Jorgen Kjaersgaard (pictured) is head of Global Credit at AllianceBernstein.
As the European Central Bank (ECB) tapers its quantitative easing (QE) programme from €60bn to €30bn a month, the volume of corporate bonds it buys under its Corporate Sector Purchase Programme (CSPP) is expected to remain largely unchanged.
Challenges associated with the ECB’s government bond-buying criteria mean it will need to continue to turn to corporate issuance to fulfill its monthly €30bn quota. As a result, we expect ECB corporate bond purchases to be around €5bn per month this year, compared with €6-8bn per month in 2017—despite the ECB having halved its overall QE purchases.
By the time QE comes to its anticipated end in September, the ECB could be holding a €175bn corporate bond portfolio. We expect the ECB will continue to reinvest maturities after this date—and these reinvestments could amount to anywhere between €10bn and €25bn per annum.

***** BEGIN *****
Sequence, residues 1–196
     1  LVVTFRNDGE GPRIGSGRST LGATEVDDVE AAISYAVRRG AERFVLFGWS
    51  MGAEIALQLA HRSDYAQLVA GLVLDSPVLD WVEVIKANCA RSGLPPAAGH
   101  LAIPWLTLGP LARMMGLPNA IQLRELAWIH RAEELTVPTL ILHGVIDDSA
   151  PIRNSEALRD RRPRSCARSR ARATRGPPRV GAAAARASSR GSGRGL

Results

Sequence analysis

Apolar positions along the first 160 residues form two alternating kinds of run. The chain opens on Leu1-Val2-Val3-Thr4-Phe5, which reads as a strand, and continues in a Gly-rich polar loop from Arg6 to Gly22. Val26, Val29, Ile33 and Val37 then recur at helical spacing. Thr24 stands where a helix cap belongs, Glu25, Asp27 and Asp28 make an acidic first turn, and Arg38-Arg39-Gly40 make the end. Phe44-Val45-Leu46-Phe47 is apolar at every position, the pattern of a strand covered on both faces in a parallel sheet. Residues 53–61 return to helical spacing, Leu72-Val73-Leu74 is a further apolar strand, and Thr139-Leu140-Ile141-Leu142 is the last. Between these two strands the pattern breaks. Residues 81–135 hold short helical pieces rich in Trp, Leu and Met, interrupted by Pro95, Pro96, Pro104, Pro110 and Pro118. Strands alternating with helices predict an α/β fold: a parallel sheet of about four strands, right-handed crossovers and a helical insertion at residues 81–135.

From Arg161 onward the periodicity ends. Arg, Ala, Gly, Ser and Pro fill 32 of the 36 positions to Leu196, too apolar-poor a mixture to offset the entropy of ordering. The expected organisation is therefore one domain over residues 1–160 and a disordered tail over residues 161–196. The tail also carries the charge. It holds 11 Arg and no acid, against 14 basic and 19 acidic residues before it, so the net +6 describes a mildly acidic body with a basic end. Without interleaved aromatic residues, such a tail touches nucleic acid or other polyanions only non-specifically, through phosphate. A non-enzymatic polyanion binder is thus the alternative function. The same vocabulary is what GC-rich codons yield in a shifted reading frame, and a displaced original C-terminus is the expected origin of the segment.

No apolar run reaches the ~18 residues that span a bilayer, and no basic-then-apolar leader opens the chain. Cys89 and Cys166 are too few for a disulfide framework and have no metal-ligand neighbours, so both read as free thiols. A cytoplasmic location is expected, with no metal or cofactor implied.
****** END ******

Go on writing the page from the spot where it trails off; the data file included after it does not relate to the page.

Based on reinvestments alone, the ECB will continue to absorb a significant portion of available supply. Over the last five years, average annual net issuance of non-financial EUR-denominated investment-grade corporate bonds has amounted to around €110bn (gross issuance amounts to around €245bn). This figure is likely to stay broadly unchanged—although the market could be impacted by fewer US companies issuing EUR paper because of US tax reform: US issuers now account for more than 20% of euro-denominated investment-grade supply.
With ECB reinvestments absorbing a significant portion of the available supply in corporate bonds, investors will need to look for opportunities outside of the ECB’s scope, for instance, in selective financials and high yield.